Kellyn Springer - Wake Forest University

09 November 2008

Living in the Landfill

I just spent two nights in a landfill in Northeast Thailand. I slept in a community of houses no less than fifteen meters from the gigantic piles of trash, which our tour guide/home-stay mother referred to as “a different kind of mountain.” The people of this community rely on collecting recyclables and selling them to private businesses for their livelihood. The amount of trash that came in, on the one hand, looked good from the vantage point of a community that depends on lots of trash to survive. On the other hand, well I’ll just tell you a story about my only previous experience with a landfill…

I’m from Long Island, NY, which can get pretty rural in some places. About ten years ago, my father and I took down our old wooden fence from the front yard. The town had refused to pick up the old wood for whatever reason so we put it in the back of my Dad’s produce truck and were going to drive it the fifteen miles to our landfill.

I had never been there before and had no idea what a landfill would/should look like. When we got there, I remember being appalled- appalled by the smell, appalled by the site of so much indiscriminate trash, appalled by the massive machines used to lop the trash from one place to another, and, lastly, appalled by the young man’s face that came to the truck’s driver side window. I was in middle school at the time, so acne wasn’t something new. I can still vividly remember this man’s face, scarred and oily and downright monstrous. Like Rocky Dennis in “Mask.” I was ashamed at the way I had stared at him.

After we dropped off the wood and started leaving, my father (very uncharacteristically) said to me “Don’t ever work in a landfill.” He wasn’t saying that it was a condescending job. I think he was just commenting on how it was the cesspool of capitalism.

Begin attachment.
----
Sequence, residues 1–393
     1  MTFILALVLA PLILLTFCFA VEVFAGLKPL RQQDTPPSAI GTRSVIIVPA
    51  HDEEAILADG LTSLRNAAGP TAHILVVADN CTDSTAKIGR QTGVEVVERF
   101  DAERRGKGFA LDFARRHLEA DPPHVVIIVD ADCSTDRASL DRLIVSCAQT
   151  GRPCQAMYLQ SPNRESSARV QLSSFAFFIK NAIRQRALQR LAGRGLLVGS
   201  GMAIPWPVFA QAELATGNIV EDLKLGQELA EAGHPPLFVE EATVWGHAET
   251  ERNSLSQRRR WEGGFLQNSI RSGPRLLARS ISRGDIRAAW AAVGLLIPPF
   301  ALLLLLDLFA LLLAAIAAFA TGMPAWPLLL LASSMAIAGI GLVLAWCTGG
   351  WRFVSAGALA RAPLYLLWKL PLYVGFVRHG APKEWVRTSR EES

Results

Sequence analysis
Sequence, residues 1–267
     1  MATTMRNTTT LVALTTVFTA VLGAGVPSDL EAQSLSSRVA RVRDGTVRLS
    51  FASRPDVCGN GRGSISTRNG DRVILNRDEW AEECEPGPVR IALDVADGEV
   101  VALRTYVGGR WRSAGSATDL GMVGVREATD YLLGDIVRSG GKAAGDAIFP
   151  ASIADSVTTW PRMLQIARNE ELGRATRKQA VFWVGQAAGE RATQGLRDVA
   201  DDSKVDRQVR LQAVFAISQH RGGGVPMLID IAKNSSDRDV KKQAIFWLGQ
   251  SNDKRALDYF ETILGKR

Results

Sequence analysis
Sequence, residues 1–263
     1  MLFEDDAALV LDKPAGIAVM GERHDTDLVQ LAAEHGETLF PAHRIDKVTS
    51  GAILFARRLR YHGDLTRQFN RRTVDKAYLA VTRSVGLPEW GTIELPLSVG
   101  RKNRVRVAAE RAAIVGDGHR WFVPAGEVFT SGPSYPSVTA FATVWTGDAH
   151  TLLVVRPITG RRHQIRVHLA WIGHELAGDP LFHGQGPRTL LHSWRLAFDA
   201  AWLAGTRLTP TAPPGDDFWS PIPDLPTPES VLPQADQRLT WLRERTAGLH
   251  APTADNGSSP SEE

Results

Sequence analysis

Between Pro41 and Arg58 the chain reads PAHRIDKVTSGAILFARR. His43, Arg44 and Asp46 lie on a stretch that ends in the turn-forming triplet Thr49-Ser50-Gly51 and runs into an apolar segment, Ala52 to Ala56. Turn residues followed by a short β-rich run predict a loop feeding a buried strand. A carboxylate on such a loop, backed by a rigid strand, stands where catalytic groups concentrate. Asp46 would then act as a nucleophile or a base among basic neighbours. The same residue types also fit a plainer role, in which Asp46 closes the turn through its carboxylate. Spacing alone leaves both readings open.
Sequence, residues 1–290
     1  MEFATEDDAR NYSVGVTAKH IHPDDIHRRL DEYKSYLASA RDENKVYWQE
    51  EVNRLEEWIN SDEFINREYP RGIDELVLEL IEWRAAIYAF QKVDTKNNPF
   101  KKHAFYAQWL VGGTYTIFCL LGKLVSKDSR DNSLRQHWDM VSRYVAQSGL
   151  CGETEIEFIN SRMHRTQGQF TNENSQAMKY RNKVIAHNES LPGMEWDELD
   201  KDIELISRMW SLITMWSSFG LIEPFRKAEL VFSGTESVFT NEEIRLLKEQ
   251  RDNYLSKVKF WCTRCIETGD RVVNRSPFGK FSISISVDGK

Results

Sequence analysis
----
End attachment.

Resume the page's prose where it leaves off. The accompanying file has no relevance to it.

Maybe that’s a term that I’ve come up with, but this has been troubling me. The goal of capitalism is, in one way, to maximize efficiency. The ways in which it accomplishes this are highly visible- cities functioning with populations in the tens of millions, affordable technological marvels such as cell phones and IPods, spaceships traveling farther and farther out into the universe, the perpetual shrinking of the computer chip, etc. What is not so visible is the ultimate by-product of capitalism- trash.

The landfill community I stayed with in Thailand, Khambon Noi, is a perfect example. The city of Khon Kaen (just a few kilometers up the road) sends all of its trash there, yet Khambon Noi itself lies outside the jurisdiction of the mayor of Khon Kaen. The city is literally severed, politically and regionally, from its trash. How convenient.

We have completed the Human Genome Project. We have put astronauts on the moon and a robot on Mars. We’ve developed warheads that could end ninety-nine percent of life on this planet within a few days. Figure out how to use the sun’s rays to power a television? Check. The worlds largest building (Beijing Capital International Airport) built on top of earth-quake prone land? No problem. But let me get this straight- our best idea of how to dispose of trash is to bury it and/or let it pile up? What the hell is going on here? What are we, cats? I’ve stood on top of one of these landfills, worked an 8 hour day and witnessed thirty or more trucks dumping more capitalist stool. This happens every day.